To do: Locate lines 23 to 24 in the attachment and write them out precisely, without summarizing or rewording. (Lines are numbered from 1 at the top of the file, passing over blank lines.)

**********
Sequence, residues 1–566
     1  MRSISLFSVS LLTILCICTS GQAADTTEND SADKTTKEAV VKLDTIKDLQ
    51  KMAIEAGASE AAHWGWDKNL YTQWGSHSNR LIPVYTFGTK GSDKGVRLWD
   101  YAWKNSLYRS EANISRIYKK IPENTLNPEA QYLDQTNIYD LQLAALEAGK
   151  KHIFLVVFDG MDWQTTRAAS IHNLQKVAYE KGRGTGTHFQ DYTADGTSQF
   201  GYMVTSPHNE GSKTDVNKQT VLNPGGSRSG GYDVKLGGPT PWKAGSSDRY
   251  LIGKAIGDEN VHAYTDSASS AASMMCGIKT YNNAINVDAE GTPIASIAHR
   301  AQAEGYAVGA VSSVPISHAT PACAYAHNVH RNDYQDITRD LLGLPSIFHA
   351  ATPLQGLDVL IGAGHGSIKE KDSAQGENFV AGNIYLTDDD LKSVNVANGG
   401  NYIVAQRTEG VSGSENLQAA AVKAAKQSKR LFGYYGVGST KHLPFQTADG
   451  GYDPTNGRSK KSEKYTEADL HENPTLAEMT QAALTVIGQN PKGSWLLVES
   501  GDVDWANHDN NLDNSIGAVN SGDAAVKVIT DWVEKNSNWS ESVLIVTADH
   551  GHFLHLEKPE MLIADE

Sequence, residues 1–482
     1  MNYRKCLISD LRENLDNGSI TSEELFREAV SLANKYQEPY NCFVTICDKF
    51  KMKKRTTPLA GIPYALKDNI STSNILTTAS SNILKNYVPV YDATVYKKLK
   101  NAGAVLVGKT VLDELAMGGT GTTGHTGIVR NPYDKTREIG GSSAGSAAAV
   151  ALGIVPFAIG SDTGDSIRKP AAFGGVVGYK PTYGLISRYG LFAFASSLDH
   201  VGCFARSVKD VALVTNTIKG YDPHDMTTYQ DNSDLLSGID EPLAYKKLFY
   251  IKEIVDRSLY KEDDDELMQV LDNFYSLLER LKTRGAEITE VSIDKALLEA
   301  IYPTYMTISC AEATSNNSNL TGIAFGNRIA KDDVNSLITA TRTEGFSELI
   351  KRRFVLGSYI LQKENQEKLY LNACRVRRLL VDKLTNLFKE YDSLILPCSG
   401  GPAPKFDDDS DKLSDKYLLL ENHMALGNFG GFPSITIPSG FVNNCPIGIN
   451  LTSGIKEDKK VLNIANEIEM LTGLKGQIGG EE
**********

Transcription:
   401  GPAPKFDDDS DKLSDKYLLL ENHMALGNFG GFPSITIPSG FVNNCPIGIN
   451  LTSGIKEDKK VLNIANEIEM LTGLKGQIGG EE